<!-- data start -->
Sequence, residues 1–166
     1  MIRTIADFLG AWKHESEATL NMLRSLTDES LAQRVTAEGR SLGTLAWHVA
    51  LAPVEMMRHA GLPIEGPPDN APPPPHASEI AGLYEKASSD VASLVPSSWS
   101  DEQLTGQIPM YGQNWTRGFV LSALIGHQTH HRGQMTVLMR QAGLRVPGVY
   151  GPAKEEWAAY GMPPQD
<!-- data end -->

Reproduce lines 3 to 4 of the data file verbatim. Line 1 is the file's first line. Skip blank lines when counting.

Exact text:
    51  LAPVEMMRHA GLPIEGPPDN APPPPHASEI AGLYEKASSD VASLVPSSWS
   101  DEQLTGQIPM YGQNWTRGFV LSALIGHQTH HRGQMTVLMR QAGLRVPGVY